System Performance

Moving on from SPEC to some of our more traditional laptop tests, I’ve taken the opportunity to add some new tests to the suite, which we’ll include on all laptops going forward. While SPEC is a fantastic set of tests to probe the limits of a platform, not everyone is going to run a workload that runs at nearly 100% CPU utilization for such a long time on a laptop. The 8-Thread tests took 4.5 hours to complete on Ice Lake, and 6.5 hours to complete on Picasso, which is likely not something most people would turn to a thin and light laptop for, so it’s important to see how both platforms perform on shorter tests where they can leverage their peak boost frequencies for a higher percentage of the duration.

PCMark 10

PCMark 10 - Essentials

PCMark 10 - Productivity

PCMark 10 - Digital Content Creation

PCMark 10 - Overall

PCMark 10 consists of several real-world tests, including web, video conferencing, spreadsheets, writing, and more. There are several GPU tests as well, including rendering, and some gaming. The suite also measures application start-up, and all aspects of the system’s performance factor into the score.

Intel’s CPU performance lead shows clearly here again, with significant leads in both the Essentials and Productivity tests, although AMD’s strong GPU pulls the Ryzen system very close on the Digital Content Creation tasks. But that is not enough to turn the tide, and the Ice Lake platform carries this win.

Cinebench R20

Cinebench R20 - Single-Threaded Benchmark

Cinebench R20 - Multi-Threaded Benchmark

Looking at the latest version of Cinebench tells a similar story as to what we’ve seen so far. Ice Lake’s significant IPC lead pulls it way ahead. On the multi-threaded test, the AMD platform does close the gap somewhat, which is similar to the SPEC rate 8 results.

7-Zip

7-Zip Compression

7-Zip Decompression

Checking out the popular 7-Zip file compression tool, the results are in-line with what we see in the desktop space. Intel generally has a lead on the compression side, but AMD claws back at decompression. It is a rare win on the CPU side for AMD here.

Handbrake

Handbrake Transcoding (Software)

Transcoding is a popular task, and Handbrake is one of the most popular tools. For this test, a 1080p movie is converted to 720p using the x264 encoder. Once again, Ice Lake offers significantly more performance when transcoding in software.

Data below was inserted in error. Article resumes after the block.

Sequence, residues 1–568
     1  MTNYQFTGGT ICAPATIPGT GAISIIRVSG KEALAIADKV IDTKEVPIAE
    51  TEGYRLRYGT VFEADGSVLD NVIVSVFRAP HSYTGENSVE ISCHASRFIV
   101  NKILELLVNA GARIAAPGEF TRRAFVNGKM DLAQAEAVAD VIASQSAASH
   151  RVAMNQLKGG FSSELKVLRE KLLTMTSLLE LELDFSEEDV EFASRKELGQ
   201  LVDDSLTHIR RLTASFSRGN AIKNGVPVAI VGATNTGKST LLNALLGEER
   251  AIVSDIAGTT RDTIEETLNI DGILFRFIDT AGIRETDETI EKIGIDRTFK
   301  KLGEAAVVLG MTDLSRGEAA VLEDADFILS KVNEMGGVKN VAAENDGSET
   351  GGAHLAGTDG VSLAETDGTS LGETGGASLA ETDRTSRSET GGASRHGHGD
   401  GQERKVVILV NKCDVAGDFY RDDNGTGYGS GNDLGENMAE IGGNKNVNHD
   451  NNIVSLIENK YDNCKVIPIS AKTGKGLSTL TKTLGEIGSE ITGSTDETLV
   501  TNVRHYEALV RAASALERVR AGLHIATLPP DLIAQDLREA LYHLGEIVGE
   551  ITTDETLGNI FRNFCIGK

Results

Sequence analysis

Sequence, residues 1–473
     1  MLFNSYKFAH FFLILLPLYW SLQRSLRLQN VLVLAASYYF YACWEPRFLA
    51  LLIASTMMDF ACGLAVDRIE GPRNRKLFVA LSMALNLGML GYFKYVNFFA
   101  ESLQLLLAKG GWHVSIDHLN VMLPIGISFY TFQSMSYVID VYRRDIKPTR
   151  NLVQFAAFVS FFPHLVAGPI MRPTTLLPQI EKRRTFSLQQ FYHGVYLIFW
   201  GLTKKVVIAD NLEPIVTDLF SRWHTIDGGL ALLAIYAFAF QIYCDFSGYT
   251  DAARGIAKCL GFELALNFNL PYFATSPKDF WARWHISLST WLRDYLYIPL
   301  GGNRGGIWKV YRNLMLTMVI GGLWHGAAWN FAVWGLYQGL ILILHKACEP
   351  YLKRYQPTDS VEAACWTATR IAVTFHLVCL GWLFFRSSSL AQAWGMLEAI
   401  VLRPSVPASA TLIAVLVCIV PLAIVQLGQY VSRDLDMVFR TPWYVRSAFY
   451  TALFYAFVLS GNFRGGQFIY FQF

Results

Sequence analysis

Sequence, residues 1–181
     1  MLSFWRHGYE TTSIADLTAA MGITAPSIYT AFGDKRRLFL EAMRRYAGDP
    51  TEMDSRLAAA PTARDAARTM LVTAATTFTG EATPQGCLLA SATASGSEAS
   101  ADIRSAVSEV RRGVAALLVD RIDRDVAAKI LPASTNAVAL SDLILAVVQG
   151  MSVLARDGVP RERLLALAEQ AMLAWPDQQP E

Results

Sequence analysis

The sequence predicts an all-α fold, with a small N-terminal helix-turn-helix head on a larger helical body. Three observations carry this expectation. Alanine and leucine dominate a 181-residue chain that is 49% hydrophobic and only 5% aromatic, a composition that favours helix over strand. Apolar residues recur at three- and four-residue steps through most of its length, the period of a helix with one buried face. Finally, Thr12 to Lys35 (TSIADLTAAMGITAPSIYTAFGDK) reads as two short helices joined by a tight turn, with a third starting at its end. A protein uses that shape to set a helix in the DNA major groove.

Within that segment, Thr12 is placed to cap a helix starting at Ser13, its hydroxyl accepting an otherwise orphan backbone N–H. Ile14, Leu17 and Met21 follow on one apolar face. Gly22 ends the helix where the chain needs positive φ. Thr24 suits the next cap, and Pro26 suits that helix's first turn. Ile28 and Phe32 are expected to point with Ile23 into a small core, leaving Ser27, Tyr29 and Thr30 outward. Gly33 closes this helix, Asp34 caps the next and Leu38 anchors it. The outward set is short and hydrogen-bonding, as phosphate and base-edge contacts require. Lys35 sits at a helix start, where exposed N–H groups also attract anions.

Handbrake Transcoding (Hardware)

Handbrake also supports various hardware encoders, such as Intel’s QuickSync, which provides significantly quicker transcodes at the same settings – albeit at larger file sizes and slightly lower quality compared to the software transcode, according to the Handbrake documentation. QuickSync has been very popular, and has been around quite a while. AMD also offers hardware encoding and decoding with their Video Core Next platform. Handbrake does support AMD’s Video Coding Engine (VCE) but the Surface Laptop 3 does not offer this as an option in Handbrake, so it was not able to be tested. As this is the only current Ryzen mobile APU we’ve tested, it may be a driver issue specific to the Surface branded processor.

x264

x264 HD 5.x

x264 HD 5.x

Our previous transcoding test, x264, was also run. Here we see that once again Ice Lake has a significant performance advantage, as it did with Handbrake software encoding.

Web Tests

All of our web tests were run with the current version of Microsoft Edge in Windows 10 1909. Web results are highly impacted by the underlying scripting engine, and Microsoft is going to be moving Edge from the EdgeHTML rendering engine to the Chromium open-source project that powers Google Chrome. When they make this change, expected early in 2020, we’ll revamp our suite with new tests.

Mozilla Kraken 1.1

Google Octane 2.0

WebXPRT 3

Intel has aggressively pushed their frequency ramping with Speed Shift, and one of the biggest beneficiaries of Speed Shift is web scripting, since the tasks tend to be very short. AMD is addressing this in Zen 2 with Collaborative Power Performance Control 2, or CPPC2, which is not as elegant of a name as Speed Shift, but promises to drop Zen’s frequency ramping from ~30 ms to ~1 to 2 ms, and will be a welcome addition on our web tests.

SPEC2017 - ST & MT Performance GPU Performance - Vega vs Iris
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  • Zoolook - Saturday, December 21, 2019 - link

    @RSAUser I think you nailed it, it's better for their bottom line to dedicate 7nm chips to products with higher margins. Reply
  • shabby - Friday, December 13, 2019 - link